How to Cut Laundry and Dry Cleaning Expenses

Doing load after load of laundry can be a drag -- and cost quite a bit of money if you're not careful.
Doing load after load of laundry can be a drag -- and cost quite a bit of money if you're not careful.
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Love doing laundry, right? Like making lunches and washing dishes, laundry is one of those never-ending chores you never really get a break from. And that's not even the worst of it. Doing laundry, like all those other thankless tasks that continually clutter up life, can also cost quite a bit of money if you're not careful. That just adds an additional bummer aspect: You're paying to do something you probably don't take any real pleasure in, and it's simultaneously taking funds away from more exciting expenditures you and your family could be enjoying.

Luckily, there are several measures you can take to cut down on the cost of laundering a lifetime's worth of dirty clothes. We'll go over them on the next couple of pages.

How to Cut Laundry Costs

Not all laundry detergents and fabric softeners work as well as others. In fact, sometimes the cheaper brands perform just as well, if not better. So skip the big brands and shop around. You could be surprised. Another option is to make your own. Laundry detergent and fabric softener can be made in bulk from common and easily obtainable household products like washing soda, borax and bars of soap; it'll be vastly cheaper than what you'll usually find at the store. It's also a good idea to monitor closely how much of detergent and softener you're using. Often, using a full cup's worth is overkill.

When it comes to good washing practices, make an effort to wash as many full loads as possible, using cold water when you can. Both will help save when it comes time to pay the utility bills. Along the same lines, if you're able to use a clothesline configuration instead of tumbling clothes in the dryer, do that as well. Dryers suck up a good amount of power and reduce the lifetime of your clothing. If you do need to use the dryer, make sure to keep the lint collector clear and don't ditch dryer sheets after a single use; they can usually stay effective through a couple of cycles. You can also cut them into smaller pieces, spreading out their product lifetime that way.

How to Cut Dry Cleaning Expenses

If you must dry clean, do so smartly.
If you must dry clean, do so smartly.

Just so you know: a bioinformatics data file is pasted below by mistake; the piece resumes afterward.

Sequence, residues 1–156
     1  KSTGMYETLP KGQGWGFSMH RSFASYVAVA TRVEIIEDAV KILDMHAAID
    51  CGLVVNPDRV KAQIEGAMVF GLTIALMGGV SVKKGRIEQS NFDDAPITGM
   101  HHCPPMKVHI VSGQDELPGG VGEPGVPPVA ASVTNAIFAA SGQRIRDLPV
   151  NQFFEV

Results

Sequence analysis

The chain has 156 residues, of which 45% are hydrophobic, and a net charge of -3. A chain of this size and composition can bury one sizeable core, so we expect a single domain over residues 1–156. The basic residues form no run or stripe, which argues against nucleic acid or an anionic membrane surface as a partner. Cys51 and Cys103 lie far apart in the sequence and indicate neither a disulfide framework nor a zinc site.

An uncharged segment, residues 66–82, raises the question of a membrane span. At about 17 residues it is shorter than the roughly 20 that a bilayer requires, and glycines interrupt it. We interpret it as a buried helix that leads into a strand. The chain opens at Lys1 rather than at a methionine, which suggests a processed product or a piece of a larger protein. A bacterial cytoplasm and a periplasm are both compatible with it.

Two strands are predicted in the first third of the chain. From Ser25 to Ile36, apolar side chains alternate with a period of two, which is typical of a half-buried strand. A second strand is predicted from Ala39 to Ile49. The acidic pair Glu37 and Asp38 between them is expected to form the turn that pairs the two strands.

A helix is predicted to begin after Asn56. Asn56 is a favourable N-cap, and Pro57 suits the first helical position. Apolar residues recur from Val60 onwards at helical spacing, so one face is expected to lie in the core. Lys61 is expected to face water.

Winston Davidian/Photodisc/Getty Images

If you want to decrease the amount of money you spend on dry cleaning, simply buy clothes that don't require special treatment in the first place. It's as easy as checking the label and deciding you can pass on an item knowing how much hassle and cash it'll cost you down the line.

But if you already have a closet full of dry-clean-only clothing, or absolutely must have a new item tagged with those dreaded words, then there are some workarounds. For example, you can buy an appliance or other DIY product to do your dry cleaning at home. If even that's too much, you can try gently hand washing items with a mixture of ingredients (say cold water and baby shampoo, or dish soap) to clean clothes that demand dry cleaning, while keeping in mind the fact that manufacturers often err on the side of caution. Just test the mix on a small spot that's not wildly noticeable before you go for the whole garment, and be warned: There are risks depending on factors like what type of fabric you're dealing with, whether there are stains and whether there is beading or lace sewn in. If an item is important to you, consult a dry cleaner; an aging work shirt is one thing, your baby's baptismal gown quite another.

If you do decide you must go to a professional, shop around for dry cleaners and look for low prices (although be warned: It's a sliding scale and you might be sacrificing quality and customer service). You can also try to negotiate your price; with any luck it's a slow time of year and they'll take you up on it.

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Sources

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